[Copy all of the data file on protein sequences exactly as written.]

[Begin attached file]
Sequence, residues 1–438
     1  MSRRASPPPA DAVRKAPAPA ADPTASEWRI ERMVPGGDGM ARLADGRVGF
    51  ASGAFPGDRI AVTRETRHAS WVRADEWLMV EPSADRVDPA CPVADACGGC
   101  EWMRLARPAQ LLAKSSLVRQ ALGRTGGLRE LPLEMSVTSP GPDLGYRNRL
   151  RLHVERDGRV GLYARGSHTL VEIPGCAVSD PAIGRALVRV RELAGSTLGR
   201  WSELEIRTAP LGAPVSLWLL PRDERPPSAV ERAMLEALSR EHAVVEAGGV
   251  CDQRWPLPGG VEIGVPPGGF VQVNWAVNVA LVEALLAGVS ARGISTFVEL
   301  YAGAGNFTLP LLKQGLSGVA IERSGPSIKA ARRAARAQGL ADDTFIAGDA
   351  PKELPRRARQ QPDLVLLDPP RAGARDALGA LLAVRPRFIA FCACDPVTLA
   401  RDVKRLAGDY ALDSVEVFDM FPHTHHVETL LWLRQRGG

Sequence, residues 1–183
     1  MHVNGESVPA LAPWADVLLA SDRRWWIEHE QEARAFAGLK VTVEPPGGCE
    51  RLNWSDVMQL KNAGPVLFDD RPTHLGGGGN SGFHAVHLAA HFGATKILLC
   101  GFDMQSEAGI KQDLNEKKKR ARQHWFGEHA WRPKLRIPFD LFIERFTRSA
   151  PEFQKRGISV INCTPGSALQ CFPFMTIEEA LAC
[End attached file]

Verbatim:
Sequence, residues 1–438
     1  MSRRASPPPA DAVRKAPAPA ADPTASEWRI ERMVPGGDGM ARLADGRVGF
    51  ASGAFPGDRI AVTRETRHAS WVRADEWLMV EPSADRVDPA CPVADACGGC
   101  EWMRLARPAQ LLAKSSLVRQ ALGRTGGLRE LPLEMSVTSP GPDLGYRNRL
   151  RLHVERDGRV GLYARGSHTL VEIPGCAVSD PAIGRALVRV RELAGSTLGR
   201  WSELEIRTAP LGAPVSLWLL PRDERPPSAV ERAMLEALSR EHAVVEAGGV
   251  CDQRWPLPGG VEIGVPPGGF VQVNWAVNVA LVEALLAGVS ARGISTFVEL
   301  YAGAGNFTLP LLKQGLSGVA IERSGPSIKA ARRAARAQGL ADDTFIAGDA
   351  PKELPRRARQ QPDLVLLDPP RAGARDALGA LLAVRPRFIA FCACDPVTLA
   401  RDVKRLAGDY ALDSVEVFDM FPHTHHVETL LWLRQRGG

Sequence, residues 1–183
     1  MHVNGESVPA LAPWADVLLA SDRRWWIEHE QEARAFAGLK VTVEPPGGCE
    51  RLNWSDVMQL KNAGPVLFDD RPTHLGGGGN SGFHAVHLAA HFGATKILLC
   101  GFDMQSEAGI KQDLNEKKKR ARQHWFGEHA WRPKLRIPFD LFIERFTRSA
   151  PEFQKRGISV INCTPGSALQ CFPFMTIEEA LAC